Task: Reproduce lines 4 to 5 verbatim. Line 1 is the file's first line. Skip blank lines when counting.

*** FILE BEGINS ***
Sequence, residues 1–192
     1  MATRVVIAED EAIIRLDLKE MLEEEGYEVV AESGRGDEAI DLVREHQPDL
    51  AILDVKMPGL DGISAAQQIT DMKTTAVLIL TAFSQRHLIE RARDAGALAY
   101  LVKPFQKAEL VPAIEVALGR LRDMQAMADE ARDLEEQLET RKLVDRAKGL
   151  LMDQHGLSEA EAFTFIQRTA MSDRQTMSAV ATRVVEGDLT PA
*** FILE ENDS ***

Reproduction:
   101  LVKPFQKAEL VPAIEVALGR LRDMQAMADE ARDLEEQLET RKLVDRAKGL
   151  LMDQHGLSEA EAFTFIQRTA MSDRQTMSAV ATRVVEGDLT PA